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Effects of salmeterol and fluticasone propionate combination versus fluticasone propionate on airway function and eosinophilic inflammation in mild asthma.

Author(s): Hoshino M, Handa H, Miyazawa T

Affiliation(s): Division of Respiratory and Infectious Diseases, Department of Internal Medicine, St. Marianna University School of Medicine, Kanagawa, Japan.

Publication date & source: 2009-09, Allergol Int., 58(3):357-63. Epub 2009 May 25.

Publication type: Comparative Study; Randomized Controlled Trial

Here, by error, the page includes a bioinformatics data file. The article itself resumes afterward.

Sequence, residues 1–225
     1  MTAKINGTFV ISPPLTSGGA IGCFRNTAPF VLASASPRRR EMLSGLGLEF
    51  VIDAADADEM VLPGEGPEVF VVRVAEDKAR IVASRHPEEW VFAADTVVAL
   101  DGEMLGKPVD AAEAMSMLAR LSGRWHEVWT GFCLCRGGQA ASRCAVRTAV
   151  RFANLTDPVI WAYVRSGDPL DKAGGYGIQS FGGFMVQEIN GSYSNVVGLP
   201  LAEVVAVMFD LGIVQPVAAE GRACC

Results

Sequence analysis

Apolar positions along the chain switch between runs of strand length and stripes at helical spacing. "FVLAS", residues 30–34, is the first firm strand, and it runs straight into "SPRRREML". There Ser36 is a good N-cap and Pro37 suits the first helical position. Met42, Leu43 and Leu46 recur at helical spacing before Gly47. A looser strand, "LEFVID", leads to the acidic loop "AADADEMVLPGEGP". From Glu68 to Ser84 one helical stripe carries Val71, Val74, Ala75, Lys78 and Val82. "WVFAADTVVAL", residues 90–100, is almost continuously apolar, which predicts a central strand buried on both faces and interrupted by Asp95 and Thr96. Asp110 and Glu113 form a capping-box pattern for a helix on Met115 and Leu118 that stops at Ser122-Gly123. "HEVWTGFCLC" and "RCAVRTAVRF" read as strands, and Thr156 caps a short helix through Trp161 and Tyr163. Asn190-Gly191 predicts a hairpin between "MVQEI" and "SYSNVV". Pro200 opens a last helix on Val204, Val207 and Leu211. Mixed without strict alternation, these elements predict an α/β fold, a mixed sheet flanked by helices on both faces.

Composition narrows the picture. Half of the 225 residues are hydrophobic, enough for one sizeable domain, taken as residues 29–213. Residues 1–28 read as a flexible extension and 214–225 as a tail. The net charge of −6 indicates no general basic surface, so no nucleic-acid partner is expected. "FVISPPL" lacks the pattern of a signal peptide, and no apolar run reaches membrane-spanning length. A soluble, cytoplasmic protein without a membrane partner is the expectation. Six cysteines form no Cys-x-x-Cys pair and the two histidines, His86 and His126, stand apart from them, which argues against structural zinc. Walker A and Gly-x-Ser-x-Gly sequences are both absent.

BACKGROUND: Salmeterol and fluticasone propionate combination (SFC) provides better asthma control than fluticasone propionate (FP) alone, however, little is known on the effects of differential treatments on airway function and inflammation in patients with mild asthma. METHODS: We randomized 27 mild persistent asthma patients treated with the equivalent of 400 microg beclomethasone dipropionate to receive SFC (50/100 microg , 13 patients) or FP (100 microg , 14 patients) twice daily for 8 weeks. We compared the effects of SFC and FP on pulmonary function assessed by spirometry and impulse oscillometry (IOS), eosinophil percentage of induced sputum and serum, and with asthma symptoms and control after each treatment. RESULTS: We observed that SFC significantly improved forced expiratory volume in one second (p < 0.05), IOS measurements of total resistance R5 (p < 0.01), central resistance R20 (p < 0.05), and distal reactance X5 (p < 0.01) compared with FP. The percentage of eosinophils in sputum, but not in serum, decreased significantly more in the SFC group than in the FP group (p < 0.05). There was also a significant improvement in symptom control in the SFC group (p < 0.05). CONCLUSIONS: These findings suggest that SFC is more useful than FP in mild asthma cases. The clinical benefit of SFC provides evidence that IOS and induced sputum allows for the detection of changes in airway function and inflammation.

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